|A Happy Goat|
Goats are social animals, however they are not flock-orientated. Goats communicate with each other by bleating. Mothers will often call to their kids to ensure they stay close-by. Mother and kid goats recognize each other's calls soon after birth. Kids can follow their mothers almost immediately after being born. They are very close to their mothers and are weaned after around six months.
|The goat is one of the 12 Chinese zodiac animals. It represents introversion, creativity, shyness and being a perfectionist. Goats were one of the first animals to be domesticated and have been used for their milk, meat, hair, and skins all over the world. There are over 300 distinct breeds of goat and there are more than 924 million live goats in the world.
Female goats are referred to as "does" or "nannies", intact males as "bucks" or "billies", and their offspring are "kids". Castrated males are "wethers". Goat meat from younger animals is called "kid" or cabrito (Spanish), and from older animals is simply known as "goat" or sometimes called chevon (French), or in some areas "mutton" (which more often refers to adult sheep meat).
Goats are very intelligent and curious animals. Their inquisitive nature is shown by their constant desire to explore and investigate anything unfamiliar.
Goats are considered small livestock animals, compared to bigger animals such as cattle, camels and horses, but larger than microlivestock such as poultry, rabbits, cavies, and bees. Each recognized breed of goats has specific weight ranges, which vary from over 300 lbs for bucks of larger breeds such as the Boer, to 45 to 60 lbs for smaller goat does. Within each breed, different strains or bloodlines may have different recognized sizes. At the bottom of the size range are miniature breeds such as the African Pigmy, which stand 16 to 23 inches at the shoulder as adults.
Most goats naturally have two horns, of various shapes and sizes depending on the breed. Goats have horns unless they are "polled" (meaning, genetically hornless) or the horns have been removed, typically soon after birth.]There have been incidents of polycerate goats (having as many as eight horns), although this is a genetic rarity thought to be inherited. The horns are most typically removed in commercial dairy goat herds, to reduce the injuries to humans and other goats. Unlike cattle, goats have not been successfully bred to be reliably polled, as the genes determining sex and those determining horns are closely linked. Breeding together two genetically polled goats results in a high number of intersex individuals among the offspring, which are typically sterile. Their horns are made of living bone surrounded by keratin and other proteins, and are used for defense, dominance, and territoriality.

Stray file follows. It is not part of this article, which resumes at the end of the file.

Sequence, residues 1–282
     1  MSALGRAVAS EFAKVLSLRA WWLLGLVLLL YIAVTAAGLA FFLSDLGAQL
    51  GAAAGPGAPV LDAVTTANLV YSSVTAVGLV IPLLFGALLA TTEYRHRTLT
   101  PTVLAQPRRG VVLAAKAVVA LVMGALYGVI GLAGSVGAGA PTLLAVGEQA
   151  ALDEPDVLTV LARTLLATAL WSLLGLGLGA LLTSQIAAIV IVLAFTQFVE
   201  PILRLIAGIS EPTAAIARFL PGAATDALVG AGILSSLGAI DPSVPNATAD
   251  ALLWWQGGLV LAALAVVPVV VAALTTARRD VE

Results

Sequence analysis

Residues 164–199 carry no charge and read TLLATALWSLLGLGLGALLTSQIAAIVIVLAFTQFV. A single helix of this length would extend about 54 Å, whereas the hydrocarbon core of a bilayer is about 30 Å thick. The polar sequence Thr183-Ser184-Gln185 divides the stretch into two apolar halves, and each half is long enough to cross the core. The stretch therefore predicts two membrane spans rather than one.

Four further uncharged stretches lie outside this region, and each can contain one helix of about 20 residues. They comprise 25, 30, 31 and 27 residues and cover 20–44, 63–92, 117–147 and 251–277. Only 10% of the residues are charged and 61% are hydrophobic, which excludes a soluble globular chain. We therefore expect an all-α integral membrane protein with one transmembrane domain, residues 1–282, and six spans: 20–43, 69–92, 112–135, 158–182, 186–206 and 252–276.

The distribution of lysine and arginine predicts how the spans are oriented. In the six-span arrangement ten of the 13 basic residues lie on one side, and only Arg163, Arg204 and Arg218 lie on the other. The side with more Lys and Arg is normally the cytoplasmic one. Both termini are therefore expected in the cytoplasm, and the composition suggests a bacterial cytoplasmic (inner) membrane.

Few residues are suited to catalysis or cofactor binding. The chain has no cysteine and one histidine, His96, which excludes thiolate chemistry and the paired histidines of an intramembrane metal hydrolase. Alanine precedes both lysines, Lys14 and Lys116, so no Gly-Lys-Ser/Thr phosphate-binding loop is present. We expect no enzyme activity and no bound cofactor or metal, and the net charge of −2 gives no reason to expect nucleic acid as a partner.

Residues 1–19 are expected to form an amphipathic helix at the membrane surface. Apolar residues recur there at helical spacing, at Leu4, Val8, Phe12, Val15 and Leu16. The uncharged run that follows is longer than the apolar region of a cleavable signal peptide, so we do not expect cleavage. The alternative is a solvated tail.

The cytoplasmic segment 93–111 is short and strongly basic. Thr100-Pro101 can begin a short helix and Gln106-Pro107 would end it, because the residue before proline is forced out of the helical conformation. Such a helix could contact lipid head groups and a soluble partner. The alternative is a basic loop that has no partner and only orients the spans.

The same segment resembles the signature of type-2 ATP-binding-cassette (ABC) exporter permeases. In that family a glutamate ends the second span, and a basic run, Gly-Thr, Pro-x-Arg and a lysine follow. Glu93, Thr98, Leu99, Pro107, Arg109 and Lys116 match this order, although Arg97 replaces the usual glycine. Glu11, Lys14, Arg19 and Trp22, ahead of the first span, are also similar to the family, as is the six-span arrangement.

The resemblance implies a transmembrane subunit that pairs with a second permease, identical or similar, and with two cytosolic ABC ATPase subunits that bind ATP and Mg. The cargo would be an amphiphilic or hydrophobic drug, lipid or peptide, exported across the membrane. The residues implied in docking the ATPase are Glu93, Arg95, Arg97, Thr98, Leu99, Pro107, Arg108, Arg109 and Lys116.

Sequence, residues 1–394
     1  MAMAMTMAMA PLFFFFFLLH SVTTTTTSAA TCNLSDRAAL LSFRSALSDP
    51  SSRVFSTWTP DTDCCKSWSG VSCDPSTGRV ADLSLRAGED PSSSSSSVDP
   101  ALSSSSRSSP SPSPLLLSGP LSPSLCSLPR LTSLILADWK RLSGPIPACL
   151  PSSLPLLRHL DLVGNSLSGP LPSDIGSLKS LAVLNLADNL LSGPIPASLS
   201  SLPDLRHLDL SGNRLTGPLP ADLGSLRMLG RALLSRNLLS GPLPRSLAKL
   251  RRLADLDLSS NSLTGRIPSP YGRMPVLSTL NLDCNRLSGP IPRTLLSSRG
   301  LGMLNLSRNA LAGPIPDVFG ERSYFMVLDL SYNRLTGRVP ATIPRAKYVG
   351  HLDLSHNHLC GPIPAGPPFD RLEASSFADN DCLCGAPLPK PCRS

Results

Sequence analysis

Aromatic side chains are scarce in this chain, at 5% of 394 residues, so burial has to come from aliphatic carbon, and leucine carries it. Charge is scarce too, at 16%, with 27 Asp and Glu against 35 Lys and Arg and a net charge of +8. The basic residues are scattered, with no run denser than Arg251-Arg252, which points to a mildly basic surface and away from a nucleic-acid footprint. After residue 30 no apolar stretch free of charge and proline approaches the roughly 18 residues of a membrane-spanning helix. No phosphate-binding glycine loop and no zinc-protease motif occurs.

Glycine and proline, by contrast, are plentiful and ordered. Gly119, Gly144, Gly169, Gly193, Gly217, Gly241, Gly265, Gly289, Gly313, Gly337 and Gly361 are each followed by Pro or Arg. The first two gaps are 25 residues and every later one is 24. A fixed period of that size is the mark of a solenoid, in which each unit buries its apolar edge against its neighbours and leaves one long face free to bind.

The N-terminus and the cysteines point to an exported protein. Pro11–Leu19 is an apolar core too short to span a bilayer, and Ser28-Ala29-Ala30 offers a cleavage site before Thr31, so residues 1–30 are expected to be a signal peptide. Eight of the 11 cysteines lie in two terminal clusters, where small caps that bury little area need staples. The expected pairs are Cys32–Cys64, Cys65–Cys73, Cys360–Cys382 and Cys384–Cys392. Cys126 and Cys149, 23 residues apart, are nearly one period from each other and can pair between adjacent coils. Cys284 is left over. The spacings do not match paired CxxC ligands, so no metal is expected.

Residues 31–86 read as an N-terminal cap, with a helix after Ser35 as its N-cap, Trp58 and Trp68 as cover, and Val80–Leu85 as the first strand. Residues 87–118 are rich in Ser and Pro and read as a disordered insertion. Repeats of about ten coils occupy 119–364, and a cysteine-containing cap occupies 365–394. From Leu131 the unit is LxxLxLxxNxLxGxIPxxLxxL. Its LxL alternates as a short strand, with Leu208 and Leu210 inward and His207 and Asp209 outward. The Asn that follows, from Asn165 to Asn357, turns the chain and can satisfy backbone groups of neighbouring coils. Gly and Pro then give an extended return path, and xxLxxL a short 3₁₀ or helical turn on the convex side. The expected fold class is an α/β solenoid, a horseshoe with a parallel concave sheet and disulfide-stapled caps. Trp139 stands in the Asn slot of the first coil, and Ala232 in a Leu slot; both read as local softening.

|Goats have excellent coordination. They have great balance and are thus able to survive in precarious areas such as steep mountains. They can even climb trees and some species can jump over 5 feet high!|
Goats are ruminants. They have a four-chambered stomach consisting of the rumen, the reticulum, the omasum, and the abomasum. As with other mammal ruminants, they are even-toed ungulates. The females have an udder consisting of two teats, in contrast to cattle, which have four teats.
A goat’s eye is rectangular rather than round. They have excellent night vision and will often browse during the night.
Goats have horizontal, slit-shaped pupils. Because goats' irises are usually pale, their contrasting pupils are much more noticeable than in animals such as cattle, deer, most horses and many sheep, whose similarly horizontal pupils blend into a dark iris and sclera. This adaptation allows goats to see at least 320 degrees around their heads with no blind spot in front of them.
|Goats have amazing eyes!|
Both male and female goats have beards, and many types of goat (most commonly dairy goats, dairy-cross Boers, and pygmy goats) may have wattles, one dangling from each side of the neck.
Some breeds of sheep and goats look similar, but they can usually be told apart because goat tails are short and usually point up, whereas sheep tails hang down and are usually longer and bigger – though some (like those of Northern European short-tailed sheep) are short, and longer ones are often docked.
And best of all according to legend goats discovered coffee! Supposedly an Ethiopian goat herder saw goats behaving more actively and energetically after eating from a particular bush. He then tried it himself and discovered coffee.
Goats are versatile and fascinating animals and make great livestock and are recommended for every farm.
Goats come in the following colors: